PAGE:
Sunday, February 28, 2021



PHENOMENALITY: *marvelous*
CAMPBELLIAN FUNCTIONS: *cosmological, sociological*

I have not read the source material for FIEND WITHOUT A FACE, but since it was a short story published in 1930, I tend to think that the film, strongly implicated in the politics of the Cold War, significantly transformed the original content. The story was even published one year prior to the first adaptation of FRANKENSTEIN to sound cinema, though of course Mary Shelley’s tale of scientific hubris became one of the cornerstones of science fiction in all media.

FIEND may have taken some cues from movie versions of the Shelley novel, since many such flicks include the trope of the mad scientist setting up shop in some bucolic area, which eventually leads to the villagers coming to root out the evil experiment with pitchforks and torches. FIEND changes things up, in that the “village” is a small farming town in the Canadian wilds, and there’s no mad scientist seen at first, just the sterling stalwarts of the United States Army. For some time, the army has maintained a radar installation in this remote area, alert for possible invasion. But the locals don’t like the way the base jets mess with their cows’ contentment, nor do they like the fact that the radar is powered by a nuclear plant. The natives routinely complain to army liaison Lieutenant Cummings (Marshall Thompson), who resolutely sloughs off any claims that the power that guards the free world against incursions might prove to be a double edged sword.

Only the viewers witness the slaying of a soldier by an invisible force, leaving the characters faced with a dire mystery: what could have removed both the soldier’s brain and spinal cord? “It’s as if some mental vampire was at work,” asserts the beleaguered Cummings. The only thing viewers know about the dead soldier is that he was apparently Canadian, since his only surviving relation is a local girl, Barbara. She doesn’t hold the death against the Americans, but when some locals perish in the same way, a fellow named Howard generates rumors about a “mad G.I.” Howard would like to be Barbara’s main squeeze, and another level of Canadian resentment toward the Americans, that of sexual competition, is suggested when Cummings starts pursuing Barbara.

As it happens, Barbara is also the key to Cummings finding the real culprit behind the killings, for she does secretarial work for a resident scholar, Professor Walgate—who is, in truth, the “mad scientist” of the narrative. Cummings’ research reveals that not only does Walgate write books about psychic phenomena, he’s also got a background in nuclear physics. Eventually Walgate reveals that during his travels in the East, he became fascinated with the idea of “thought materialization,” and so he seeks to create a literal “brain-child.” A flashback shows Walgate’s experiment—which gives rise not only to the one Fiend signaled in the title, but to a half dozen of the invisible predators—and there’s even a Frankensteinian thunder-storm on call, though the Fiends are actually empowered by Walgate somehow leeching off the army’s nuclear plant. Though nuclear power sustains the creatures, they instinctively devour the brains and spines of human beings. It turns out that their appetite mirrors their true nature, for at the justly famous climax, the Fiends lose their invisibility and stand revealed as serpentine creatures, each with a faux spinal cord for a body and a faux brain for a head.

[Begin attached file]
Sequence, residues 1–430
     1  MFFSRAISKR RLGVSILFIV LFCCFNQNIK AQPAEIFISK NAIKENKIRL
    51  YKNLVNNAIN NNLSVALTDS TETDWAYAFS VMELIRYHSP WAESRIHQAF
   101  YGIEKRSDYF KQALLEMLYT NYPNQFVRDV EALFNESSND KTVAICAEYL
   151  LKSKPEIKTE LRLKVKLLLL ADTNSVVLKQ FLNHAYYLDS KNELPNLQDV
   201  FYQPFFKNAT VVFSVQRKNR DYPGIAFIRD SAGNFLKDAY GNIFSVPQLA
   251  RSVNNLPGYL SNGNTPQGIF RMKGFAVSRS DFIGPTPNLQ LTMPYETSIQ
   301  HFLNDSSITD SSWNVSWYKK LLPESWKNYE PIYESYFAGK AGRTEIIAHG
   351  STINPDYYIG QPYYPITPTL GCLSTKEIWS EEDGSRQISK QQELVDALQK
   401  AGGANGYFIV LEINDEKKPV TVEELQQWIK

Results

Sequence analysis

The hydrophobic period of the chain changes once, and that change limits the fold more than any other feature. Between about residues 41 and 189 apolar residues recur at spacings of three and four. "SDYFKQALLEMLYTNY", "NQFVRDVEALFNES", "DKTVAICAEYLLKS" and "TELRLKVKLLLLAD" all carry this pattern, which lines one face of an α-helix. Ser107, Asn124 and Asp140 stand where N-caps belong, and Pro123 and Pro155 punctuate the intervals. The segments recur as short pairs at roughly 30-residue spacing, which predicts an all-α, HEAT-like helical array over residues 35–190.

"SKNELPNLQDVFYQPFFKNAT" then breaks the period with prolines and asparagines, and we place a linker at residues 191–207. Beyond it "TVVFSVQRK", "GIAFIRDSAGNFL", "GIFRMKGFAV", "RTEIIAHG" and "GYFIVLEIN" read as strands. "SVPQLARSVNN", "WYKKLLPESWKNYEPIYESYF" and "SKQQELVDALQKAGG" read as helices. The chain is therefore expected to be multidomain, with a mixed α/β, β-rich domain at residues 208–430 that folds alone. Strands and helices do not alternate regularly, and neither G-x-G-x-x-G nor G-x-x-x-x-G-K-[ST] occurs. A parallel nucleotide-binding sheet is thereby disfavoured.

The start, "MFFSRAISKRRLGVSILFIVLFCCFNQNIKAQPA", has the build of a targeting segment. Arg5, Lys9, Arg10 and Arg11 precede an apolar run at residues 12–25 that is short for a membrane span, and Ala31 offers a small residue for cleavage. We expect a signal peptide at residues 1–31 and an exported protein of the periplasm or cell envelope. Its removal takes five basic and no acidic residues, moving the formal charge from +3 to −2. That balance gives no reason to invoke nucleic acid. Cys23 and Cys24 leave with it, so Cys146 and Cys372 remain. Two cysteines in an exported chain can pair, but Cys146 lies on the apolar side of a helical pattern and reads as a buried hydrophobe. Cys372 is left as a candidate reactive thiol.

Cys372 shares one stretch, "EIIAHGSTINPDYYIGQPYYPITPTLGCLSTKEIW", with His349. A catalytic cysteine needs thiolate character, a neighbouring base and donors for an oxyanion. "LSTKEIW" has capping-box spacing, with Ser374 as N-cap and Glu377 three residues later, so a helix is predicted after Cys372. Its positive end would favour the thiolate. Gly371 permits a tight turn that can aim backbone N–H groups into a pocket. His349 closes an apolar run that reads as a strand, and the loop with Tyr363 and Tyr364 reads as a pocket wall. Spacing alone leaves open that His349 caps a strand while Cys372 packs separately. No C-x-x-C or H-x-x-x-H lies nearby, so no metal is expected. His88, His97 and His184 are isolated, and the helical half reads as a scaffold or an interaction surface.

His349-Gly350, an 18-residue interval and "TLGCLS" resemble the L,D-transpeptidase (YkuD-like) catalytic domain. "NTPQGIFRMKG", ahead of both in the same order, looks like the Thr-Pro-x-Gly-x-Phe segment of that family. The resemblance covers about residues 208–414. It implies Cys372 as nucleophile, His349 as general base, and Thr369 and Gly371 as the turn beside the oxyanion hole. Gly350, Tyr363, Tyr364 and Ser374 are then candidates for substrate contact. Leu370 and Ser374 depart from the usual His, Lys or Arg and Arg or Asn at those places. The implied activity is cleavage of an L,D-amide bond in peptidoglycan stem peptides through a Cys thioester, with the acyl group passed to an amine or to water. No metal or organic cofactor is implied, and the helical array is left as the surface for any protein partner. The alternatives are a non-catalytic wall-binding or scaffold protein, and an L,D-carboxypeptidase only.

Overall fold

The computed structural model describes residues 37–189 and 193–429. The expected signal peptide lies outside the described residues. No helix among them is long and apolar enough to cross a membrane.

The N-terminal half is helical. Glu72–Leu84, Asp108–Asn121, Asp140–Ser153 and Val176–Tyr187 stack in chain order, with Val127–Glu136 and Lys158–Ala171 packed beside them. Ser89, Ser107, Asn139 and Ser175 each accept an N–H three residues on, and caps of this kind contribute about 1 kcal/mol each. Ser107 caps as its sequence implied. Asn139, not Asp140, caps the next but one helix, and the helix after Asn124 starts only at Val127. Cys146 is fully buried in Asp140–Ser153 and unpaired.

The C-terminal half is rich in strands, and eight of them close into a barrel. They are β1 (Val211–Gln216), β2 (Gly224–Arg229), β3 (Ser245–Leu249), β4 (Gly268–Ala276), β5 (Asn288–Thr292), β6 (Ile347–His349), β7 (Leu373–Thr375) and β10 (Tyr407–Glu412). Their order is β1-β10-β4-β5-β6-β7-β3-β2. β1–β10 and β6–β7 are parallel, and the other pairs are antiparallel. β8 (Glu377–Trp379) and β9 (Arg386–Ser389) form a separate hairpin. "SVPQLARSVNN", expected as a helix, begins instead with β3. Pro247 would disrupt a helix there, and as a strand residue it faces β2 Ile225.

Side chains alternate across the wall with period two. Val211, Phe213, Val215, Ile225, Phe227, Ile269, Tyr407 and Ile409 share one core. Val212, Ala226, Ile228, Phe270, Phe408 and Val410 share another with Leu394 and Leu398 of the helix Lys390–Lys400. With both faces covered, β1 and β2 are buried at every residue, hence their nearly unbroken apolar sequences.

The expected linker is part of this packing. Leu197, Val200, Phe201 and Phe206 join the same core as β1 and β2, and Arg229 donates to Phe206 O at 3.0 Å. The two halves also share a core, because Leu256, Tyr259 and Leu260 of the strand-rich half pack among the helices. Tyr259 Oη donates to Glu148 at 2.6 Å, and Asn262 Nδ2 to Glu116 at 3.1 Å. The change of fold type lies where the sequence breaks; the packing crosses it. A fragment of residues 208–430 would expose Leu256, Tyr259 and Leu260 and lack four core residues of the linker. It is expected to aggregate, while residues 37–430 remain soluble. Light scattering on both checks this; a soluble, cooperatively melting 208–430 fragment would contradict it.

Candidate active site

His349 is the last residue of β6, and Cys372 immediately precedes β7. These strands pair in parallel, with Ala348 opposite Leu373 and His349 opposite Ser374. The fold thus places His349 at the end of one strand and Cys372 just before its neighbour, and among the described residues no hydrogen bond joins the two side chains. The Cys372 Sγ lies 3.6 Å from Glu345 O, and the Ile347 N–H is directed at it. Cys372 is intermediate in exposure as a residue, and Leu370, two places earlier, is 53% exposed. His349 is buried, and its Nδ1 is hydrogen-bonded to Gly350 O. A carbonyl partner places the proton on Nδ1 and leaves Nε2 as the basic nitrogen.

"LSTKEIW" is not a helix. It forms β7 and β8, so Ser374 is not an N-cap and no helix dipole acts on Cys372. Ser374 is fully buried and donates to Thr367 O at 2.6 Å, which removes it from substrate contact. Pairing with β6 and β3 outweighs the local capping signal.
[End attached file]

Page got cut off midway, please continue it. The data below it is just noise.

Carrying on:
The climax is so good that fans may forget the leisurely pace of the plot, or the fact that the male and female leads are ciphers. Their romance subplot is handled in a much more desultory manner than other “creature features” of the period, though it begins with some promise when Cummings visits Barbara’s house, nearly sees her in the altogether, and gets into a fight with the jealous Howard. (Howard later pays for being a heavy: one of the Fiends gets him but strangely doesn’t finish feeding, so that the unfortunate farmer ends up being a living but mindless zombie.) Walgate’s obsession isn’t given any deeper context than overreaching scientific curiosity, though there might be some symbolism in his name, since he’s the “gate” that allows a new species to cross over the “wall” separating thought from reality.

Still, the Fiends’ method of feeding is an ingenious transformation of vampiric visual tropes, making them a little bit Dracula as well as a little bit Frankenstein’s Monster. And even though the American army isn’t directly responsible for the Fiends’ creation, they share Walgate’s hubris since both scientists and soldiers gave rise to nuclear power. The thing that gives the Fiends life, nuclear power, is only possible because of the mental capacity of human beings, and so it’s appropriate that these “monsters of the Id” mirror the human organs most associated with thought and even spirituality, both of which are parodied into the image of ravenous serpents.

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